Diaspora literacies: An exploration of what reading means to young African immigrant women

Research output: Contribution to journalArticle

Abstract

This research study explored two young African immigrant women English learners' perspectives on reading, and literacy more broadly, in relation to motivation and identity during a year-long qualitative study at a large, urban high school in the U.S. southeast. Data were collected through interviews and observations that focused on reading practices and preferences in relation to gender, immigration, and school performance. Findings reveal that while learning to read in a new language these students were simultaneously developing literacy in their first languages through autonomous reading practices, including reading native-language texts, and on-line news sources. Findings also suggest that scaffolding autonomous reading may be one way to help newly arrived English learners develop academic and social literacy and foster a sense of belonging in their new communities. Free author podcast

Original languageEnglish (US)
Pages (from-to)641-649
Number of pages9
JournalJournal of Adolescent and Adult Literacy
Volume58
Issue number8
DOIs
StatePublished - May 1 2015

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diaspora
immigrant
literacy
language
learning to read
school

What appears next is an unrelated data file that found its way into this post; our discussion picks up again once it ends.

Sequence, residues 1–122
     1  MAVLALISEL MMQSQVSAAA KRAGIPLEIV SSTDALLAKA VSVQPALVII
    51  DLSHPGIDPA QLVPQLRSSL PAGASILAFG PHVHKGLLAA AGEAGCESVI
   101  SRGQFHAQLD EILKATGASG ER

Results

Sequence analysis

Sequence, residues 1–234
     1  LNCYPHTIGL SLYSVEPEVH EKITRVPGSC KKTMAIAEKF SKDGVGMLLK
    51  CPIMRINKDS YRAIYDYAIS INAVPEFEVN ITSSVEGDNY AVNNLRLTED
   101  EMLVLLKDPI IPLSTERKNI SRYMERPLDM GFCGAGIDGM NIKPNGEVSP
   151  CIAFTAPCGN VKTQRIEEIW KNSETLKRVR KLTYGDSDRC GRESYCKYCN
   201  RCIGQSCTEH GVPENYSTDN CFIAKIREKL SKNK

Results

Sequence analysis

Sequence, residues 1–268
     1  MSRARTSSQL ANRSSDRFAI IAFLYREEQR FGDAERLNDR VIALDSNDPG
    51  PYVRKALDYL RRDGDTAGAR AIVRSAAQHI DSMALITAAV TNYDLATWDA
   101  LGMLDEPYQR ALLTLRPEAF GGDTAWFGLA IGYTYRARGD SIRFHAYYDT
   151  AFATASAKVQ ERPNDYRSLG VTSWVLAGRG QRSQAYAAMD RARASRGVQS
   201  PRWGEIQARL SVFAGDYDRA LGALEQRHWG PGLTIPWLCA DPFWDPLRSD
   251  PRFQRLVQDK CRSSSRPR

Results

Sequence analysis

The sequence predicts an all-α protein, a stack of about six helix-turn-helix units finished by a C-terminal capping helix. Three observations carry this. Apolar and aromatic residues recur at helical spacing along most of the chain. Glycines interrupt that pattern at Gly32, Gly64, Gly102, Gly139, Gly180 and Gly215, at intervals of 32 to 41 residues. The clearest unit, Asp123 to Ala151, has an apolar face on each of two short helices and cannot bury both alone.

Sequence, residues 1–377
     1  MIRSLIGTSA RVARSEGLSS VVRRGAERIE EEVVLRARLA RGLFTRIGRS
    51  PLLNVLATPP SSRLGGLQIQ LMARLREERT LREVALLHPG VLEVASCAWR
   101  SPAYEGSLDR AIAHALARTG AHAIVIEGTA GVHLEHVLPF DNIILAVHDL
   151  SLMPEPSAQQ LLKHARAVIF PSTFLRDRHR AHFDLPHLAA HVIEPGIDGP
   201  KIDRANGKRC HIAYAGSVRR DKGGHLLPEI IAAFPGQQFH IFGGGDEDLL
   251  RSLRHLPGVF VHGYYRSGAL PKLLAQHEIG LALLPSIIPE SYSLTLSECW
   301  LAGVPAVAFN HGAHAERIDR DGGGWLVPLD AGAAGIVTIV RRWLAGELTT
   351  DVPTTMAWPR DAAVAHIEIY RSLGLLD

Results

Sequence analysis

immigration
news
gender
interview
community
performance
student

ASJC Scopus subject areas

  • Education

Cite this

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abstract = "This research study explored two young African immigrant women English learners' perspectives on reading, and literacy more broadly, in relation to motivation and identity during a year-long qualitative study at a large, urban high school in the U.S. southeast. Data were collected through interviews and observations that focused on reading practices and preferences in relation to gender, immigration, and school performance. Findings reveal that while learning to read in a new language these students were simultaneously developing literacy in their first languages through autonomous reading practices, including reading native-language texts, and on-line news sources. Findings also suggest that scaffolding autonomous reading may be one way to help newly arrived English learners develop academic and social literacy and foster a sense of belonging in their new communities. Free author podcast",
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